Orchestra brings message of peace to divided America

Orchestra brings message of peace to divided America

The West-Eastern Divan Orchestra was founded in 1999 by Argentine-born pianist and conductor Daniel
The West-Eastern Divan Orchestra was founded in 1999 by Argentine-born pianist and conductor Daniel Barenboim and Edward Said, the late Palestinian American scholar who critiqued the "otherness" of Orientalism. (Photo: AFP/Olivia HAMPTON)

WASHINGTON: Israeli, Palestinian and other Middle Eastern musicians brought a message of peace this week to an America torn by caustic political discourse.

For nearly 20 years, youths from sworn enemy countries have performed classical music together at the West-Eastern Divan Orchestra, the brainchild of conductor Daniel Barenboim and late Palestinian American scholar Edward Said.

Argentine-born pianist and conductor Daniel Barenboim does not shy from controversy, having his
Argentine-born pianist and conductor Daniel Barenboim does not shy from controversy, having his orchestra, which includes many Israelis, play a Richard Wagner overture. (Photo: AFP/OLIVIA HAMPTON)

"We are looking for something almost impossible, but still we try," said Kian Soltani, 26, a rising Austrian Iranian cellist who gave a fiery performance Wednesday at Washington's John F Kennedy Center for the Performing Arts.

The orchestra opened its program with Richard Strauss's symphonic poem "Don Quixote," inspired by the early 17th century novel about the romantic knight-errant who combats imaginary tyrants.

In many ways, the piece is a metaphor for the orchestra itself.

"If somebody would tell us that peace in the Middle East was impossible, we wouldn't stop fighting. We would still continue like this because we believe it's possible," Soltani, who played the title part, told AFP.

Kian Soltani, left, who plays on a 1680 cello by the Grancino brothers, and violist Miriam
Kian Soltani (left), who plays on a 1680 cello by the Grancino brothers, and violist Miriam Manasherov stand after playing solos in Richard Strauss's "Don Quixote". (Photo: AFP/Olivia HAMPTON)
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"It's the same for Don Quixote. He thinks he's a knight, he thinks his dream is possible. Everyone is telling him it's not, but he doesn't care."

Quixotic as it may be, the project is making its first coast-to-coast American tour just as the United States reels from a series of deadly hate crimes.

Politics and war have thwarted a goal to perform in all the members' home countries. There was a concert in the West Bank city of Ramallah, in 2005, and none in Israel.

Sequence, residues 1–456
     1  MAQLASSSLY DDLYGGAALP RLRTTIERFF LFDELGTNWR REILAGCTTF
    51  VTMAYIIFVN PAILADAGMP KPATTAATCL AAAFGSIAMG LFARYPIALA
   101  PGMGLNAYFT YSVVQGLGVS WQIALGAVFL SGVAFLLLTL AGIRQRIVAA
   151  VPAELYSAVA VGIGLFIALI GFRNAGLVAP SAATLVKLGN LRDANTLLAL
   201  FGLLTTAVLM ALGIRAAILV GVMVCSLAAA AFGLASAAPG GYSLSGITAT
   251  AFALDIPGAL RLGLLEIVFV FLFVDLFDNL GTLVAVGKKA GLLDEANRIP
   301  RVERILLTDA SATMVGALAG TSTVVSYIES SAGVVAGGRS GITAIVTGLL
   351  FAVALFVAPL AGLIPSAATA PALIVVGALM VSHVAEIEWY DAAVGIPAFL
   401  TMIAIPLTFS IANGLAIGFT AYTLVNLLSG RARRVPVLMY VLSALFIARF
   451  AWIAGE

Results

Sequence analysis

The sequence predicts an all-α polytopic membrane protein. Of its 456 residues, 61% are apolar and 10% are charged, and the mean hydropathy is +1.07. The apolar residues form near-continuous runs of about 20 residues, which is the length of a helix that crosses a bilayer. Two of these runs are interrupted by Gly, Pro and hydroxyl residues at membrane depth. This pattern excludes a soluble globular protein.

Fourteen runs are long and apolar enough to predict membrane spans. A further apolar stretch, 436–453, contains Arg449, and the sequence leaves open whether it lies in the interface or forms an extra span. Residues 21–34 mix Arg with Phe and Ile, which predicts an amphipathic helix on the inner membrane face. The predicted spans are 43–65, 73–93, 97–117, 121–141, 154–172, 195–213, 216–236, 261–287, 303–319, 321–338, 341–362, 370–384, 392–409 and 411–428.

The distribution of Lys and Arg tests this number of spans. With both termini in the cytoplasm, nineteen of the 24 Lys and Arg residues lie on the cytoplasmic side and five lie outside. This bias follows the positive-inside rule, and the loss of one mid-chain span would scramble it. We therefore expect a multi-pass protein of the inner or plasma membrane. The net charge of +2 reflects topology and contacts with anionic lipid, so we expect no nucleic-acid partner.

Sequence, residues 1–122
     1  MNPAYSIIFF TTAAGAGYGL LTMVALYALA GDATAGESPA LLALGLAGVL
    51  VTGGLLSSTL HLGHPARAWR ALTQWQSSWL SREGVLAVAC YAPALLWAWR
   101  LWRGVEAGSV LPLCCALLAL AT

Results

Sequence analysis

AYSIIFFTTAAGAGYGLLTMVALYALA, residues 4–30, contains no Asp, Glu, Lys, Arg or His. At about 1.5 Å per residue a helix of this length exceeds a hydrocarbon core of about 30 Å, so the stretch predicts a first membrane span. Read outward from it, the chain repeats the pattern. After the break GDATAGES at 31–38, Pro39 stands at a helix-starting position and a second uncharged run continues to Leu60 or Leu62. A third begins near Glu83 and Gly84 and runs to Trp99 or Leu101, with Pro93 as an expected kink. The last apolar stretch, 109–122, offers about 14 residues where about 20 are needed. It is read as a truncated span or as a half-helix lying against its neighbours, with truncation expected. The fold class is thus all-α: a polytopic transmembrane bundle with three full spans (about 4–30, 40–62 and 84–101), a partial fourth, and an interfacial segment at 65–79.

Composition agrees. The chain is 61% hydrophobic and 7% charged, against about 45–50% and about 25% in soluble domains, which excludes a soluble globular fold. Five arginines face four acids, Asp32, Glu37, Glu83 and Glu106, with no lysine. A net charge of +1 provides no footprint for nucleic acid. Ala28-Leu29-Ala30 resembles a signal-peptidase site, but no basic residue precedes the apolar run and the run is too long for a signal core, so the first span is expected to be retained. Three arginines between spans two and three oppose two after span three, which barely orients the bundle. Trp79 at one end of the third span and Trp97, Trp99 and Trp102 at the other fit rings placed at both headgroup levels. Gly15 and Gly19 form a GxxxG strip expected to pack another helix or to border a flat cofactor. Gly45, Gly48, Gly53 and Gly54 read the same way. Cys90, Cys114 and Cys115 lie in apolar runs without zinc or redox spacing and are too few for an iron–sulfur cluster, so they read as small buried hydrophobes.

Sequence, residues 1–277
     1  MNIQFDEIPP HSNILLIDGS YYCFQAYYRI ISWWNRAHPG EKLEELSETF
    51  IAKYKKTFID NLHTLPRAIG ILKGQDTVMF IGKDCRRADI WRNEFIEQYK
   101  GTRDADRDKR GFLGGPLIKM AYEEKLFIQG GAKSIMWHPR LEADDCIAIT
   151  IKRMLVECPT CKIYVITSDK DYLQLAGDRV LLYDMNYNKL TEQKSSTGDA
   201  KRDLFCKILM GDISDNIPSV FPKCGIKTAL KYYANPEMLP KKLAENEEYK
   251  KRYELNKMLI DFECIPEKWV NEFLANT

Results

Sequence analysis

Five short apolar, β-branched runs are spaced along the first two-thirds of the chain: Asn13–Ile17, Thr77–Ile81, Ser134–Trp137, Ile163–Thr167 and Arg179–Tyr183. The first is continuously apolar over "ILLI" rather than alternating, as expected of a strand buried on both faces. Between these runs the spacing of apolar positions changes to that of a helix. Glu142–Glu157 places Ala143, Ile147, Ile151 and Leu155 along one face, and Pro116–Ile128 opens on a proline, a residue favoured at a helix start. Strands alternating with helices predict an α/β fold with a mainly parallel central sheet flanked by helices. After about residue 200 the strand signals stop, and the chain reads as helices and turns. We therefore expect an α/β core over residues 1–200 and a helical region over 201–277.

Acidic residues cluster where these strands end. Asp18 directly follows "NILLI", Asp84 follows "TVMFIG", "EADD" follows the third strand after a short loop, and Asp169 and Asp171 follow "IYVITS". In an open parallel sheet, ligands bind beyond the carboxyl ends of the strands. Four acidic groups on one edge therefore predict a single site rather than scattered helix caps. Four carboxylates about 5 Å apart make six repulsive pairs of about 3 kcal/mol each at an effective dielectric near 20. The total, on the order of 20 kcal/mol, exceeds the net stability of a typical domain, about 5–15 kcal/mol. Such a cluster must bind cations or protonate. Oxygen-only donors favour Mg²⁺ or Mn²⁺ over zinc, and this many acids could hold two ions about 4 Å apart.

"It's a pity," violist Miriam Manasherov, 37, told AFP.

"The day that will come that we can all play in Israel or in the other Arab countries that I can't go to, that will be a huge success."

She plays the part of the rotund Sancho Panza, who supports his master gone mad as he pursues his ideals on love, justice and peace in an ugly world.

The pair also performed with their sections for Tchaikovsky's Fifth Symphony, which evolves from dark to light in four movements linked by a recurring "Fate" theme.

In "Don Quixote," the hero ultimately gives up on his dream, returns home and dies among his loved ones. The orchestra is hoping to march toward a different future.

CHANGING ATTITUDES

While he acknowledges that the orchestra - which borrows its name from Goethe's German lyrical poems inspired by Persian poet Hafez - has not had much impact on the ground in the Middle East, Barenboim says the project has left a "terrific" stamp musically.

"It has changed the attitude of every person who has been through it. That's about 1,000 people," said Argentine-born Barenboim, who also claims Israeli, Palestinian and Spanish citizenship.

Barenboim's own son Michael is the West-Eastern Divan Orchestra's concertmaster, its
Barenboim's own son Michael is the West-Eastern Divan Orchestra's concertmaster, its leading first-violin player. (Photo: AFP/OLIVIA HAMPTON)

"Nobody who comes into this with whatever preconceptions he has, goes away thinking the same way."

The tour is a homecoming of sorts for Barenboim, 75, who stepped down in 2006 as music director at the Chicago Symphony Orchestra, where he had also performed as a pianist and conductor for several decades.

The Midwestern city was the tour's first stop, on Monday, ahead of performances in Washington, New York's Carnegie Hall, Berkeley, California and Los Angeles.

During their last US visit, in 2013, the orchestra performed the Beethoven symphony cycle at Carnegie Hall, as well as in Boston and Providence, Rhode Island.

"It is a conflict between two people who are deeply convinced they have a right to the same little piece of land, preferably without the other," Barenboim said about the intractable Israeli-Palestinian conflict.

"You cannot solve this militarily, unless you kill everybody, and you cannot solve it politically.

"You can only solve it by coming to the point where both sides understand that their destinies are inextricably linked and therefore accept the existence of the other."

Deceptively simple as it may seem, that is the thrust behind the orchestra and the Barenboim-Said Akademie in Berlin, which trains gifted musicians mainly from the Middle East and North Africa for a professional career.

To drive the point home, the concert's closing encore was the overture of Richard Wagner's "The Mastersingers of Nuremberg," a work widely used in Nazi propaganda and subverted once more by the orchestra's unique make-up, to raucous applause and a standing ovation.

Source: AFP/nh

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